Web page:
This is the difference between a heart attack and cardiac arrest

This is the difference between a heart attack and cardiac arrest

According to the CDC, approximately 805,000 Americans have a heart attack each year, while 475,000 die of cardiac arrest. But wait, what’s the difference? If you don’t know, chances are you’re not alone.

“Many people use ‘heart attack’ and ‘cardiac arrest’ interchangeably, but they’re not mutually exclusive,” explains Dr. Kerry Ahrens, a board-certified Emergency Medicine physician at Aurora BayCare Medical Center. “A heart attack is when an artery that feeds the heart is blocked by a clot or plaque. If it is blocked long enough, it can stop the heart – that’s cardiac arrest.”

If you believe someone is having a heart attack, it’s important to seek emergency care ASAP.

“Sudden cardiac arrest is possible,” says Dr. Ahrens, “but you can be prepared by knowing and performing CPR as you wait for the emergency response team.”

Additionally, automated external defibrillators can be used if readily available and may be the difference between life and death.

Heart attacks can occur suddenly, often accompanied by surprising symptoms. Know your body, watch for symptoms, and consult your doctor about your risk for heart attack. Risk factors include:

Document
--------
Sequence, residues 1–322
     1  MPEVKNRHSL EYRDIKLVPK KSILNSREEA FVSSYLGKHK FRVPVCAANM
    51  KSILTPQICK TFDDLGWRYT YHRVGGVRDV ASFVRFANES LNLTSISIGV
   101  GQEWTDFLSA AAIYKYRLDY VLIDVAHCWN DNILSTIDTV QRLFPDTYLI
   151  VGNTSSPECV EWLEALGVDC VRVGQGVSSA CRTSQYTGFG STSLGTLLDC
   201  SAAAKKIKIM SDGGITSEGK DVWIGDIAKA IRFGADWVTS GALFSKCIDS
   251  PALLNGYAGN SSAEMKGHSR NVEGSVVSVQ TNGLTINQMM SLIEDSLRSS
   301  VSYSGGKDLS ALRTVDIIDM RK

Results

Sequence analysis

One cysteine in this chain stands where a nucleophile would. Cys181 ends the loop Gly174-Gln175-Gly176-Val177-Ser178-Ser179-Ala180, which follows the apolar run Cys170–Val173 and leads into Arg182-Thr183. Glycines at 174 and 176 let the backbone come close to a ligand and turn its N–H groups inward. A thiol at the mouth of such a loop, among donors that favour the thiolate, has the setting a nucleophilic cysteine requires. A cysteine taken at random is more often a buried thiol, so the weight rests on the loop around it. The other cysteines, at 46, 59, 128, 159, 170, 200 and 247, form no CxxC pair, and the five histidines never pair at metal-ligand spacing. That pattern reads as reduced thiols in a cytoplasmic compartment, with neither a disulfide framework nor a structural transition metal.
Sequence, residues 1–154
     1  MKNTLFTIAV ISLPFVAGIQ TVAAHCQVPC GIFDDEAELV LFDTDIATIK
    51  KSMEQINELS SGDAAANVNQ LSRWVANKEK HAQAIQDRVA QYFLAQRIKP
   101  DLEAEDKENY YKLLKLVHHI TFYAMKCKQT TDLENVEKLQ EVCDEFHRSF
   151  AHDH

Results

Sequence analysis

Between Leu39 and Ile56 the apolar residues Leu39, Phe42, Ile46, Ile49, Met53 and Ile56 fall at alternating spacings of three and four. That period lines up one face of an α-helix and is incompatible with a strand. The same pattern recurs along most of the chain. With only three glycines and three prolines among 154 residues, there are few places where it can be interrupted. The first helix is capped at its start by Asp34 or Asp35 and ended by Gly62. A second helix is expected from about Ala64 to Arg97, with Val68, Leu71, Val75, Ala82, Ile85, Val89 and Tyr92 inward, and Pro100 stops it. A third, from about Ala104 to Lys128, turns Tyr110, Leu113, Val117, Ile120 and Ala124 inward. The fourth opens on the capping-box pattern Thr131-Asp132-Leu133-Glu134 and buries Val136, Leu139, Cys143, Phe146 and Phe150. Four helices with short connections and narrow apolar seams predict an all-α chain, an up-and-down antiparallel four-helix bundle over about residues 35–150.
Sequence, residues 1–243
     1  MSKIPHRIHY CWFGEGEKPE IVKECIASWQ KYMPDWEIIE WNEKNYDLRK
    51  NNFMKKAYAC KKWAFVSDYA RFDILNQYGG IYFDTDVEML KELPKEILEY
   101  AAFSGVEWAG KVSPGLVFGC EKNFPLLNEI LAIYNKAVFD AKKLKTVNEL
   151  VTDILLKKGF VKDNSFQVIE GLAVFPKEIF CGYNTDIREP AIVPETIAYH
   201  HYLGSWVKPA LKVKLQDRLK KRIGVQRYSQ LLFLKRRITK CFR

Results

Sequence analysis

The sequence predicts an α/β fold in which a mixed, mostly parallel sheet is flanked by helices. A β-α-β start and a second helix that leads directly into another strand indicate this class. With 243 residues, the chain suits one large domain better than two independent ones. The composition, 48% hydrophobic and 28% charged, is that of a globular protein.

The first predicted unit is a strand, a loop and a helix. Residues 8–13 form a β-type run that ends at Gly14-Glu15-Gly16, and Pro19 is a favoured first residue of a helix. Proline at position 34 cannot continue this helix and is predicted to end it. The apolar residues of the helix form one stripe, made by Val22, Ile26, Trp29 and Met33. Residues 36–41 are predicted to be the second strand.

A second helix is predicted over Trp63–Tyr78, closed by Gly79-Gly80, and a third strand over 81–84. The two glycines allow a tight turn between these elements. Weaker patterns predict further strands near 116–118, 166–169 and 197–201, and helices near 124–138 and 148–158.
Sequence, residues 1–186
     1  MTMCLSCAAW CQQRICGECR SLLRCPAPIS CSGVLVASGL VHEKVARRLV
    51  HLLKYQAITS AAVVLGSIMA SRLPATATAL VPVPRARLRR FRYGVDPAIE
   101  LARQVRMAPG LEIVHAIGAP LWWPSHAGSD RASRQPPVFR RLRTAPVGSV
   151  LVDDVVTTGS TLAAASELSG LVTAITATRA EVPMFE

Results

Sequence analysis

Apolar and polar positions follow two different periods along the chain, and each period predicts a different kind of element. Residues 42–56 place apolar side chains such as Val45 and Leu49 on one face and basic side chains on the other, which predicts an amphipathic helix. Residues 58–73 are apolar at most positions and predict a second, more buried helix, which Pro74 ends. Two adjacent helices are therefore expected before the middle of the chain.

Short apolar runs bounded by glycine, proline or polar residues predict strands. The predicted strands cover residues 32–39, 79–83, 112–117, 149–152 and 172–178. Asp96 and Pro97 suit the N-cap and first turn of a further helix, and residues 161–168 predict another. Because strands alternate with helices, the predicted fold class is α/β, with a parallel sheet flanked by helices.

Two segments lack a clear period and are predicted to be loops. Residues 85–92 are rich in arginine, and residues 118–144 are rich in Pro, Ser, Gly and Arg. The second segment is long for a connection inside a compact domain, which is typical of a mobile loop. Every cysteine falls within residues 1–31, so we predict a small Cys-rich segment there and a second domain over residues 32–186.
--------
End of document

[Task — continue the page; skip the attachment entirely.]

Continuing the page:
• High blood pressure
  • High blood cholesterol
  • A history of smoking or currently smoke
  • Diabetes
  • Obesity
  • Unhealthy diets
  • Lack of exercise
  • Excessive drug and alcohol use

Check out one patient’s experience with heart attack:

Want to learn more about your risk for heart disease? Take a free online quiz to learn more.

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Comments

2 Comments

  1. Lynne Mattingly March 4, 2020 at 5:28 pm · Reply

    What about a myocardial infarction? What is the relationship to CA or heart attack? And what about a “cardiac event”? When I had a heart attack 20 years ago, my doctor called it a cardiac event. I found out much later it was a heart attack.

  2. As a former medic I realize this is all technically correct but it’s still a bit of semantics. It’s like someone saying they have a bad cold. Is there a good one? All of these terms tend to just be a different degree or level of seriousness or a euphemism for what really happened and all need to be treated or the outcome will be the same for everyone if not corrected.

About the Author

Cali Nygren
Cali Nygren

Cali Nygren, health enews contributor, is a marketing intern for Aurora BayCare with a BA in business administration from the University of Wisconsin – Green Bay. In her spare time, you may find Cali cracking jokes, watching Marvel movies, and spending time with her friends and family.